Date of Award

Spring 1-1-2012

Document Type


Degree Name

Master of Arts (MA)



First Advisor

Noah P. Molotch

Second Advisor

Mark W. Williams

Third Advisor

Peter D. Blanken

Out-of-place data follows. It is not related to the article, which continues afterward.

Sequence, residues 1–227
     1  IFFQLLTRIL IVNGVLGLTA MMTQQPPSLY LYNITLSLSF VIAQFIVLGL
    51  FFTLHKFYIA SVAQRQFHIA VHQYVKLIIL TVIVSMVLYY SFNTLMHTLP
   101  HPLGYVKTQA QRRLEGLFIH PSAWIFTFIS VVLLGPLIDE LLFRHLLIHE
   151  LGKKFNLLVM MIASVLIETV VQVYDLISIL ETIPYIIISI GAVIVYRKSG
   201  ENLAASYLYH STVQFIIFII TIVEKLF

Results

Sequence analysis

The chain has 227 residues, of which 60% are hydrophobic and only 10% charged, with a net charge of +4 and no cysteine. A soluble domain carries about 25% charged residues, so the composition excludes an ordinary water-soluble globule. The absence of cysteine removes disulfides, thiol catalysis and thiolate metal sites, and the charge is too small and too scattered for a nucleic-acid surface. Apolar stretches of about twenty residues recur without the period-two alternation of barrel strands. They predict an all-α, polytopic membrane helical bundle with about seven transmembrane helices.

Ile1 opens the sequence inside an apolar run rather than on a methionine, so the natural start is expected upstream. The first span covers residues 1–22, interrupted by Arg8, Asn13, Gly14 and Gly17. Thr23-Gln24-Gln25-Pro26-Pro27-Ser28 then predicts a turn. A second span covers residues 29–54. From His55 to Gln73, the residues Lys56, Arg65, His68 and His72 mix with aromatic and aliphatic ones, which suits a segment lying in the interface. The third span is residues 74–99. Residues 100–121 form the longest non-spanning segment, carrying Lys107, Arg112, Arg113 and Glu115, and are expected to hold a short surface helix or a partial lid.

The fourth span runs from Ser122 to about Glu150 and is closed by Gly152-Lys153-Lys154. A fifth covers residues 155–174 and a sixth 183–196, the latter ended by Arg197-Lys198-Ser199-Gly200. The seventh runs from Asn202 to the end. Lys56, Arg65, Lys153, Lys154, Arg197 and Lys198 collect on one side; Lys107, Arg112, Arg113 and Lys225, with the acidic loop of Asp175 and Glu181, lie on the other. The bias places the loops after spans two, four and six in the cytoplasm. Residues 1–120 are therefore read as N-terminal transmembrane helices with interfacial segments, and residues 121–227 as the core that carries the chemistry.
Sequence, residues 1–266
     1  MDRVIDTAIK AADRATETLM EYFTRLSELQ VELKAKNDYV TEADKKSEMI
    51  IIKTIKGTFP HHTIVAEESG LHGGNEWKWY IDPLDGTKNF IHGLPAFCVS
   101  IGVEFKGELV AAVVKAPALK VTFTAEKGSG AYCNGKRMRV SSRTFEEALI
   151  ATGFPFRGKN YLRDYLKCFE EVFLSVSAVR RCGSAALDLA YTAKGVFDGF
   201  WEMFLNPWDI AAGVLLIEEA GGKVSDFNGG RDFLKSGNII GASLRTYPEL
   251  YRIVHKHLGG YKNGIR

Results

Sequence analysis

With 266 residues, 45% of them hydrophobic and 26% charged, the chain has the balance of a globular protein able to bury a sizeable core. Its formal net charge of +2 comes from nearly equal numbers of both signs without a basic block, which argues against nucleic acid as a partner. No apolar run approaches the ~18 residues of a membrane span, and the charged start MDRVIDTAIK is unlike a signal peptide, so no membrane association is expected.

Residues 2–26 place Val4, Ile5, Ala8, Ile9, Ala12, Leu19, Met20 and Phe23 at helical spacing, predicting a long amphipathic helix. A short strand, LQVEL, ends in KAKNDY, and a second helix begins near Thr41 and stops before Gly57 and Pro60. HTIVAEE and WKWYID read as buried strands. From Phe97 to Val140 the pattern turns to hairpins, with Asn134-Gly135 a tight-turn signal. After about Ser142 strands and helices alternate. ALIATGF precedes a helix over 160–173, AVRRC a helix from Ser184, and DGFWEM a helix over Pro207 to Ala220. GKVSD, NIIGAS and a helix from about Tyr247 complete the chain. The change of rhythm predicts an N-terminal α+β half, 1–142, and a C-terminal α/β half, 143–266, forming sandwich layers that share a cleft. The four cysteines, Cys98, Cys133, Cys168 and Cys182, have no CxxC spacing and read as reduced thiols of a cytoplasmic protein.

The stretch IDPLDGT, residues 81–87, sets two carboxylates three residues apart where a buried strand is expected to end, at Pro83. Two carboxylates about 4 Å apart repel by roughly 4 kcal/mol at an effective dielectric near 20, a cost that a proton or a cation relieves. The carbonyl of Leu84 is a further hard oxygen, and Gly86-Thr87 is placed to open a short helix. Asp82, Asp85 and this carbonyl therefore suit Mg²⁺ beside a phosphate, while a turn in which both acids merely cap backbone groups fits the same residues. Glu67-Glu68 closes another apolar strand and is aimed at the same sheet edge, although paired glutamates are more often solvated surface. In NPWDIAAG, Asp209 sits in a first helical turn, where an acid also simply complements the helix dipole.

At Niwot Ridge, CO, a global warming experiment using near-infrared (IR) heaters is being conducted. Investigation of snow accumulation, snowmelt, and soil microclimate found the heaters to influence these variables at the subalpine experimental site. These changes were compared to an environmentally similar yet naturally warmer subalpine snowpack in the Valles Caldera National Preserve, NM. Over the 2010 and 2011 snow seasons, snow accumulated 42% lower on average and melted out 1-37 days earlier in the warmer plots (CO heated and NM) compared to the CO controls. Soil temperature was 2.6 °C greater on average in warmer plots compared to controls. Peak soil moisture was 0-12% lower in warmer plots versus controls. In order to estimate differences in energy and mass balance exchange at the snow surface in control versus warmer plots, the one-dimensional, physically based snowmelt model, SNOWPACK, was used. Energy and mass fluxes in control cases were compared to heated, NM, and synthetically warmer cases. Model results found that the heaters alter radiative, turbulent and mass fluxes by amounts comparable to differences between CO and NM fluxes. The sign and magnitude of energy and mass exchanges were similar between the control and synthetic models. The proportion of the energy flux associated with latent heat was 11-30% of the total energy flux in heated and NM models compared to 2-9% in control and synthetic models during snowmelt, and subsequently the associated evaporative loss to the atmosphere was much lower in control cases relative to NM cases. These results indicate that warmer conditions (i.e. increased average air temperatures) as projected in the coming decades will change snow surface energy fluxes, timing and magnitude of snow accumulation and melt, and soil temperature and moisture. Results of this study aid in the interpretation of climate manipulation experiments and modeling as they pertain to snowpack, and contribute to a better understanding of the interactions between climate, hydrology, and ecological processes.